Thursday, 11 November 2010

On Certain Survivors

On our research project we’re planning a book of our findings and have been trying to think of a title that reflected the notion that developments in English teaching in London after 1945 should be seen within the more general process of post-war reconstruction. I’d come up from somewhere in the back of my mind with Out of the Ruins: [plus the usual more explanatory subtitle].

It occurred to me a couple of days ago that where the phrase came from was an East German Poem by Gunther Kunert that I used to use in school a lot and that came from an anthology by Michael Hamburger. (I see I've mentioned this before -- see this this.

Now I’ve found the poem, as typed out by me long ago, and ‘out of the ruins’ doesn’t come from there at all, so the mystery remains (maybe it’s from David Lodge’s Out of the Shelter, a quite early novel that I’d read only recently about coming out of the war) but it’s such a great poem that I'm moved to share it here.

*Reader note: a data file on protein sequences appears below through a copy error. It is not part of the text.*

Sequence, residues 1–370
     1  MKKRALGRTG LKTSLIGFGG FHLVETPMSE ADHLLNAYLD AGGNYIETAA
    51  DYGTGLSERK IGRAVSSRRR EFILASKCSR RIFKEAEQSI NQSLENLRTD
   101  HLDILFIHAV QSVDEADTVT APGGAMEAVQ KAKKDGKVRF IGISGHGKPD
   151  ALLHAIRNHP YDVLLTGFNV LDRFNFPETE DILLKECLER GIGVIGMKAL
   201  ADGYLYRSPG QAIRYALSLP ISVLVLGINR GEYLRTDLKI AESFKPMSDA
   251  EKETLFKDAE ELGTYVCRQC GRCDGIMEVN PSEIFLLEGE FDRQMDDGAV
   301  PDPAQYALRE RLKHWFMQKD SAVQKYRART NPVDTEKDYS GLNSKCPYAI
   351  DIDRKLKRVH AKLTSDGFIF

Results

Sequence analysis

On Certain Survivors
(Uber einige Davongekommene)

When the man
Was dragged out from under
The debris
Of his shelled house,
He shook himself
and said:
Never again.
At least, not right away.

Gunther Kunert, trans. Michael Hamburger (I think)
From East German Poetry, An Anthology. Carcanet, 1972

I've found the book second-hand on Amazon (of course) - practically free as so often these days -- public libraries and university libraries discarding stock like crazy -- so it’s on its way and I'll be able to check I typed the poem correctly.

PS How many of the many brilliant poems from communist East Germany, Poland, Hungary and Czechoslovakia get used in English lessons these days as they were by me and lots of others in the 1970s?

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